LAS VEGAS — Mike A. departed from the special props window at the Westgate SuperBook with a little extra confidence, a purposeful stride, Thursday night.
Nearly an hour earlier, the SuperBook unveiled its full menu of Super Bowl 56 propositions on its big board, and Mike had pinpointed his target.
These were cash-only exchanges, so knowing he couldn’t dip into his house account, he had hundred-dollar bills at the ready. Ninety of them, all in the name of Rams punter Johnny Hekker.
That neatly sums up the zaniness of Super Bowl Prop Season, the week-and-a-half or so when sportsbooks concoct various lures to drum up big business leading to the NFL’s title game.
The SuperBook produced a 32-page treasure trove of options for the Rams and Bengals, set for Sunday, Feb. 13. The South Point tome is 20 pages, and Station Casinos offers 11 pages of odds and prices.
South Point sportsbook director Chris Andrews gave his staff a Friday deadline, which it beat by a day. Its book was available Thursday morning.
“It’s always a lot of work, but I have a great crew, and I thank them for really busting their asses and getting it out, actually, a day early,” says Andrews.
Was anything especially funky in there?
“I don’t think there’s anything too funky in there.”
The South Point dangles two plays involving Johnny Hekker, with 3.5 total punts (+120 Over, -140 Under) and his longest punt being 52.5 yards (Over and Under both -110).
Mike A. had not been searching for either of those figures.
A four-time Pro Bowl punter out of Oregon State whom Los Angeles inked as an undrafted free agent in 2012, Hekker might have blushed at the attention that Mike lavished upon him.
Mike A. risked $9,000 to win two grand that Hekker would not record a touchback against Cincinnati at SoFi Stadium in Inglewood, Calif.
Mike had done stellar due diligence, sniffing out the SuperBook’s -450 odds on that specific prop that were nearly three times better than anywhere else he had shopped. Most outlets, he says, had -1200 odds.
During the season, of Hekker’s 51 punts, only one sailed into the end zone for a touchback, according to NFL.com statistics. His punts averaged 44.2 yards, with a long of 59 yards.
“I just got in line,” says Mike A., “and hoped nobody else would bet it until I got to the window.”
Nobody else bit. Mike A. got the -450 odds he’d been hoping to nab. The SuperBook had +375 on ‘Yes’, that Hekker would record a touchback.
Not long after Mike A. returned to his buddy, Joey D., sitting at a tall round table on the SuperBook periphery, the property’s oddsmen had altered ‘No’ on that Hekker prop to -550, Yes to +425.
Mike A. had likely single-handedly moved the odds of a prop at the Westgate SuperBook.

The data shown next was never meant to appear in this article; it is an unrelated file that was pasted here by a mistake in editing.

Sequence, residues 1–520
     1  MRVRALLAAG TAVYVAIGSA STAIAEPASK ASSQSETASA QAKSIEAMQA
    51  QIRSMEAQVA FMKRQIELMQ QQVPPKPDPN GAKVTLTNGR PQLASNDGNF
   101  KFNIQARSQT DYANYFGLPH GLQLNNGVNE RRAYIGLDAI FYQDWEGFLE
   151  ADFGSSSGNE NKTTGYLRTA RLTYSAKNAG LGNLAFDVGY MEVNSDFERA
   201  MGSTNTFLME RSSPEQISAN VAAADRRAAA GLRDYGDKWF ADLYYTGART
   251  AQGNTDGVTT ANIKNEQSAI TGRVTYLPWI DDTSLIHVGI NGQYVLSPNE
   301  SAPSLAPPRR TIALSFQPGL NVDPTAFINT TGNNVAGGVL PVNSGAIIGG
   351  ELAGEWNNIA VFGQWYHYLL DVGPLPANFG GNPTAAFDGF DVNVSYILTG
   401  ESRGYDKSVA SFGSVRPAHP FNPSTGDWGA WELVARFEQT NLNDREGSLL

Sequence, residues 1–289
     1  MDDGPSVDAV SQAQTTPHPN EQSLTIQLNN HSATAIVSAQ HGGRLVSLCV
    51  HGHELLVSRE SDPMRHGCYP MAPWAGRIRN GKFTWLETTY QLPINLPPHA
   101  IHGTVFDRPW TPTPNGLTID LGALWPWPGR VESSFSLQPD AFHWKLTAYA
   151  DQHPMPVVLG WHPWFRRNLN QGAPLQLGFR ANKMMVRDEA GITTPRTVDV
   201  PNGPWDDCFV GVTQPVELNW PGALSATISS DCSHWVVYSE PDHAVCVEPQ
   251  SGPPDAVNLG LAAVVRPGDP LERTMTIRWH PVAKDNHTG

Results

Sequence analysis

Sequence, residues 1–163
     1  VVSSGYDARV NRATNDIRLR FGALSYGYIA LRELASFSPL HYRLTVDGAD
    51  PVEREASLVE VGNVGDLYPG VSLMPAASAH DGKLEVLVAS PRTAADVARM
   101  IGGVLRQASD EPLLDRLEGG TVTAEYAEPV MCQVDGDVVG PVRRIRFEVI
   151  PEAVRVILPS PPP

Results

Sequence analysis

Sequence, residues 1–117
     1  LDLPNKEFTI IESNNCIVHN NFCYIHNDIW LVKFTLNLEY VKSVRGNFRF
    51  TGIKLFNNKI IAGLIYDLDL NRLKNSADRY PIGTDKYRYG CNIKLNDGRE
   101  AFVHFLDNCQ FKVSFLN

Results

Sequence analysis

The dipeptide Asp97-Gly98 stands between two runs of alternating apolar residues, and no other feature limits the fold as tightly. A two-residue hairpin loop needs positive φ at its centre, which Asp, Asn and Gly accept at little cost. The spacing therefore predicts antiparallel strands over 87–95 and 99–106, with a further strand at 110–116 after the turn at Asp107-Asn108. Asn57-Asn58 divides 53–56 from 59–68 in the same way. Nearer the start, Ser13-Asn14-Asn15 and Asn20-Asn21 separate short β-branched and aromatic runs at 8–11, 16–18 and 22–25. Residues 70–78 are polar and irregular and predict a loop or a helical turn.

A Super Bowl Props Cornucopia
Small groups began gathering about 30 minutes before the SuperBook released its numbers at 7 p.m., when maybe two dozen punters lined up at the single props window.
Each was allowed to make two wagers before recirculating to the back of the line. By 8 p.m., that line was only six or eight deep. But pockets of two or three people were analyzing data in notebooks, or skimming through computers, in chairs or at the bar, and returning to that window.
The eminent Michael “Roxy” Roxborough was among those reviewing the hundreds of Westgate appetizers.
A legendary Las Vegas sports betting figure, Roxy was interested in how certain numbers were moving, but that’s the extent to which I can write about what most piqued his curiosities.
He neither cared to mislead anyone, nor wished to have odds affected by others buying into his theory of how a certain aspect of the game might play out.
The usual suspects are on the SuperBook’s props menu, but executive vice president Jay Kornegay’s lieutenants — as they do annually — took it to another level in 2022. Among this year’s offerings:
- Will Brooklyn guard James Harden have more points plus rebounds plus assists, (-.5), than Rams quarterback Matthew Stafford’s longest pass completion? Thursday evening, both Yes and No were -110.
- Will the Vegas Golden Knights have more Stanley Cup Series victories (-140) than Bengals quarterback Joe Burrow’s touchdown passes (+120).
- Will Liverpool star striker Mo Salah collect more goals that Sunday at Burnley than Stafford’s second-quarter TD passes? Salah -140, Stafford +120.
- Which will be higher, the Waste Management Phoenix Open victor’s winning score, or Burrow’s gross passing yardage (-14.5), both at -110?
- Will Justin Thomas’s fourth-round score in Phoenix (-5.5) be higher than Cincinnati tailback Joe Mixon’s rushing yards? Both -110.
NCAA Tournament Ties
Not surprisingly, there are two props that use Colorado State’s Feb. 11 basketball game against Fresno State.
Kornegay is a Colorado State graduate.
(Don’t fume, Colorado grads and fans; two props feature the Buffaloes’ hoops game against Utah that Saturday. Yes, Northern Colorado, you’re included too, in a couple of plays involving your Feb. 14 tilt against Southern Utah.)
Of the many impressive parts of his team’s output, says Kornegay, is that no fewer than eight props are tied into the upcoming NCAA hoops tournament, whose championship game is April 4 in New Orleans.
Kornegay attributed those beauties to Ed Salmons, the SuperBook’s vice president of risk management.
“It’s like having action over a two-month period,” says Kornegay. “I believe many will find those very intriguing.”
For example, Purdue’s NCAA Tournament wins (+.5) vs. Mixon’s first rushing attempt (-.5)? Both -110.
Or, Villanova’s NCAA Tournament wins (-.5, +110), or Rams first-half touchdowns (+.5, -130)?
“Making these props is always a challenge for our team each year,” says Kornegay. “[But] we always strive to come up with something new and interesting.”
For another year, mission accomplished.